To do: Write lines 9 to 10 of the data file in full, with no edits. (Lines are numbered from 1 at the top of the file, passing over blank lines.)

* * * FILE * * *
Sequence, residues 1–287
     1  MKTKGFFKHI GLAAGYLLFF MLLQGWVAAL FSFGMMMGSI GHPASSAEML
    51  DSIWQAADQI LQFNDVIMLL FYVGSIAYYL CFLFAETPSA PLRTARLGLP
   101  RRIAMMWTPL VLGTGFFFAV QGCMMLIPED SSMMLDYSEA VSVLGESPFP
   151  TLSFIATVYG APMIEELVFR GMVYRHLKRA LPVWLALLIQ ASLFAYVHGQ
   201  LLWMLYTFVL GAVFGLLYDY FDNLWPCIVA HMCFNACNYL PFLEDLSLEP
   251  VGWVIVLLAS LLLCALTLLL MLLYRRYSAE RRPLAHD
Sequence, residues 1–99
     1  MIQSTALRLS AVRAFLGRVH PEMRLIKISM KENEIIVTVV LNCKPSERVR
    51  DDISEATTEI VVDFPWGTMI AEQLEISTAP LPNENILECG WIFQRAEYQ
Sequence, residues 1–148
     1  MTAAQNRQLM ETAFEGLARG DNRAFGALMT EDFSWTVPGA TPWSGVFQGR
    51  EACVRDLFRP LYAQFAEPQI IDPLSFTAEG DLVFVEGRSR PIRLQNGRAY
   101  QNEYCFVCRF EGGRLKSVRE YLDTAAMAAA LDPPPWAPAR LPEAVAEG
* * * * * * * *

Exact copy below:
     1  MIQSTALRLS AVRAFLGRVH PEMRLIKISM KENEIIVTVV LNCKPSERVR
    51  DDISEATTEI VVDFPWGTMI AEQLEISTAP LPNENILECG WIFQRAEYQ